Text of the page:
And now there are eight.
After decades of debate and speculation by astronomers, it's finally happened ¬ one of our planets has been fired.
Anyone born after 1930 grew up knowing there were nine planets in our solar system. (Of course, in the 1950s, every planet was inhabited by brain-sucking aliens dressed in aluminum foil.) And since astronomers didn't start confirming the existence of extra-solar planets until the latter part of the 20th century, nine was a fine number.
Hey, Alpha Centauri, we all thought mockingly. Got more planets than you.
But there was always one planet, one little icy rock way out in the rural area near the Kuiper Belt that fit into the "which of these things does not belong" category. Small, funny shaped and orbiting our sun on a 4.5 billion-year bender, Pluto was like the embarrassing cousin no one invited to weddings.
We don't have to worry about Pluto crashing the reception and hitting on Aunt Uranus because the International Astronomical Union no longer officially considers Pluto a planet at all … just because it's different.
The recent decision to bump Pluto from the Planet Club went something like the upcoming Taft Middle School Diversity Awareness Week production of "Not in my neighborhood:"
Our Sun: Pluto, I'm sorry, but I'm going to have to let you go.
Pluto (looking surprised): What do you mean, boss? I come to work on time. Every 249 years, as efficiently as a comet.
Our Sun: Yeah, that's just it. You're too much like a comet. All cold and rocky, orbiting me like you've been snorting hydrogen clouds. And you're not round enough. If we keep you, then we have to let in Charon, Ceres and something called 2003 UB313. A numbered planet? Then where would we be?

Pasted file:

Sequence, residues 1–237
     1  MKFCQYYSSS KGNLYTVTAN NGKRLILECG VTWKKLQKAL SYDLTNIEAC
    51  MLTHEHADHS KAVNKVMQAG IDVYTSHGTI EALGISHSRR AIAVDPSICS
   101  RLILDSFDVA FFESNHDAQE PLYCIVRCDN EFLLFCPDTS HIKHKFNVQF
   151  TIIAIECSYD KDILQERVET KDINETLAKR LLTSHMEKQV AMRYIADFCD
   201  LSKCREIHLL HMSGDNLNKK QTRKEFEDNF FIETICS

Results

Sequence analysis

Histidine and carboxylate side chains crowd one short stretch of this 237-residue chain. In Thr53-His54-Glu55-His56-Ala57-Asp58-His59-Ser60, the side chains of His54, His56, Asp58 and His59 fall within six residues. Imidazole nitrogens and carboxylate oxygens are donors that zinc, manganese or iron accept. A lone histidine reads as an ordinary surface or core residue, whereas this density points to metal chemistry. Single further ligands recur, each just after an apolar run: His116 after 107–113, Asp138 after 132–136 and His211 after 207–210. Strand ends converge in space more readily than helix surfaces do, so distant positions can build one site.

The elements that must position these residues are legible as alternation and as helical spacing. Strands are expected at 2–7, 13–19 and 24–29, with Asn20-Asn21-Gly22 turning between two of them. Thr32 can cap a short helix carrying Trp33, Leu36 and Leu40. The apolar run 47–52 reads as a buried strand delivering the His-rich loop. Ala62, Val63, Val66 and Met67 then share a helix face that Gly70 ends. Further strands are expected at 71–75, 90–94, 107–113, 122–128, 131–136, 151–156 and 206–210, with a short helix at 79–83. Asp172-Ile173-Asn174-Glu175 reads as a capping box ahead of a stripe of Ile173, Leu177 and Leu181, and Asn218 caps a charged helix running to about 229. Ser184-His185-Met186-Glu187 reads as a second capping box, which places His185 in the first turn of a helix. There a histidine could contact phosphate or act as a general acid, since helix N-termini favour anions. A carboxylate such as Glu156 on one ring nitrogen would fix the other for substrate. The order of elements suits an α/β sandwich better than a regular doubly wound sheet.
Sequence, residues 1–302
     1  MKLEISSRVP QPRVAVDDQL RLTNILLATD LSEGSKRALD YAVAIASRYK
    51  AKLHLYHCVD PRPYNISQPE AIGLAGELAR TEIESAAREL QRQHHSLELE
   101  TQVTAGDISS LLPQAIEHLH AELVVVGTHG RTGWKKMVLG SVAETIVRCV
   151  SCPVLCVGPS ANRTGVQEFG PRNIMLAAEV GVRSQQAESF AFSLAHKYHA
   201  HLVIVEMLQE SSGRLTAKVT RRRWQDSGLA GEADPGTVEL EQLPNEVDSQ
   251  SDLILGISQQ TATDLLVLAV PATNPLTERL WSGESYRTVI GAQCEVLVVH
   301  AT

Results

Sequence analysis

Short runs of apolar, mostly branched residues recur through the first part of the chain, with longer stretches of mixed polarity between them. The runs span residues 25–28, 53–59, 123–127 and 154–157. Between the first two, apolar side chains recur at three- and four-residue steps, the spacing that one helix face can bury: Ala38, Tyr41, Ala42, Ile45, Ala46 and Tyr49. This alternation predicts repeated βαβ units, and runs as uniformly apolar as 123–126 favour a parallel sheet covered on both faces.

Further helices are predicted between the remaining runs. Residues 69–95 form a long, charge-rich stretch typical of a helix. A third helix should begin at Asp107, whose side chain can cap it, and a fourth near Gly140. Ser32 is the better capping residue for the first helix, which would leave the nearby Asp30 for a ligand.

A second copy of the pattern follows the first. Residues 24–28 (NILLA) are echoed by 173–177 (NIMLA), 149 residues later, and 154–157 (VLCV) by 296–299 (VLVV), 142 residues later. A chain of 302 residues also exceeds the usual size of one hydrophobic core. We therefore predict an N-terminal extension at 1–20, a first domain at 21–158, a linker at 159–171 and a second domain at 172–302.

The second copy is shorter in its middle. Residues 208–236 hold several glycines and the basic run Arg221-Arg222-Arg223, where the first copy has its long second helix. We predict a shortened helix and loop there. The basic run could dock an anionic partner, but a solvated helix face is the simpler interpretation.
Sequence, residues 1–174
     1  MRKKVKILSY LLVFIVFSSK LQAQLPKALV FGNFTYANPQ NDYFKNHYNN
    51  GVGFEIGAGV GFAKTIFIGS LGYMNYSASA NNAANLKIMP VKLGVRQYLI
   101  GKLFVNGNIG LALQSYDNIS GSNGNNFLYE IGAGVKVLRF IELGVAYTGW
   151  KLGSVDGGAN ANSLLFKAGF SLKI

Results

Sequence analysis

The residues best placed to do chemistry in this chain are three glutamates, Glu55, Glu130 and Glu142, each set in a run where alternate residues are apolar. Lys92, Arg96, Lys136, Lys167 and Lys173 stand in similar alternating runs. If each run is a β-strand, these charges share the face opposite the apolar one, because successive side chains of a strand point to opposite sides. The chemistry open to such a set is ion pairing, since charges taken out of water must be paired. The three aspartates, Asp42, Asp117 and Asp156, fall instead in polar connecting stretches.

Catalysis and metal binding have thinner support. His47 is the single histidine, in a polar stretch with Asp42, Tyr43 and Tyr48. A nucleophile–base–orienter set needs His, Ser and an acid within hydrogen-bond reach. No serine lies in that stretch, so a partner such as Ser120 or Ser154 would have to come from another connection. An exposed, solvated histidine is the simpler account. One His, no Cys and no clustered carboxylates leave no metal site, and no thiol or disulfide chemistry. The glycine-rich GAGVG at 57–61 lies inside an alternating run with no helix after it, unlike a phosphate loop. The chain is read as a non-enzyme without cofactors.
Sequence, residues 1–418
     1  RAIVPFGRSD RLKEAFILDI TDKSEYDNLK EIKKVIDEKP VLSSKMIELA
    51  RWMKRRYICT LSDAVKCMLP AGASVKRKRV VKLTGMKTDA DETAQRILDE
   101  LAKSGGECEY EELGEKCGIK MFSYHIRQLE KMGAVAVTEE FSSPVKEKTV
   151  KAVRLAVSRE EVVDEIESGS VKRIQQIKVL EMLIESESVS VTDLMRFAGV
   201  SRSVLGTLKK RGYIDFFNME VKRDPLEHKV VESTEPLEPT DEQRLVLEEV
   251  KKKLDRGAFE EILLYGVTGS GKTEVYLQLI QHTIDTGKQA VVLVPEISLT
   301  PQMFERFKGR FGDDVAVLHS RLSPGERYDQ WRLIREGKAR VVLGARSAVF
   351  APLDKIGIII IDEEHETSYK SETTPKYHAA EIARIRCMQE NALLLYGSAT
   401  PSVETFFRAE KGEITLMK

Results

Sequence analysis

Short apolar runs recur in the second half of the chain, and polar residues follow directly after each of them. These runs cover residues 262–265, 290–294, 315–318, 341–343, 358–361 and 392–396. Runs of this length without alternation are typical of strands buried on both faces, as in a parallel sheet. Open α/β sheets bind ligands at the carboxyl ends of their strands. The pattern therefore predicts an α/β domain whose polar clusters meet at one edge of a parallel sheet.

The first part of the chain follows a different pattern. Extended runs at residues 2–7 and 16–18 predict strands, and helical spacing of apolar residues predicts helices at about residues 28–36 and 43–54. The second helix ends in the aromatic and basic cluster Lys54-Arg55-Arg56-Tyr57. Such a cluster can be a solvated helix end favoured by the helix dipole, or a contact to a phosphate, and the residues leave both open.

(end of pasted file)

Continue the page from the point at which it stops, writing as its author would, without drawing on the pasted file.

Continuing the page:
Pluto (with an air of smugness): This is discrimination. You can't fire me just because I'm not all big and gassy like Jupiter. (Is escorted from the solar system by Europa dressed like security). I'll see you in court. We all will.
Our Sun (turning toward audience): Pfft. Dwarf planets. They're all alike.
But, you're wondering, what does this galactic decision mean to anyone other than astronomers I'm not going to hang out with anyway?
It means everything.
Think of your kids. My toddler will grow up with eight planets, not nine like his old man. Will today's baby feel inadequate about his place in the universe? Or will the Pluto decision just render people like me senile?
"Oh, no," the future 14-year-old boy will say to his friends. "Dad's rambling about dragging his telescope 10 miles in the snow just to see Pluto. Let's go before he starts talking about the face on Mars."
And, what about astrology?
Since astrology is based on planets, shouldn't this decision throw off the entire astrology matrix.* Without Pluto, how can you trust the daily horoscope to accurately say, "your energy is high today; avoid making business decisions without pants; drive on the left side of the road and say 'cheerio' to strangers," without Pluto?
Then there's the Roman factor. Pluto was named after the Roman god of the underworld. Won't he be a little ticked? Oh, sure, he's still got Pluto the dog in his corner, but we all know about Disney's pact with the devil.
I'm just worried, that's all.
* Here's the Official Jason Astrology Patch. Read your now-incorrect horoscope, multiply any number by .27, substitute the word "lunch" for the word "love," and if you were born on a Tuesday, go to the comics section. Your horoscope is encrypted in the second panel of "Fox Trot."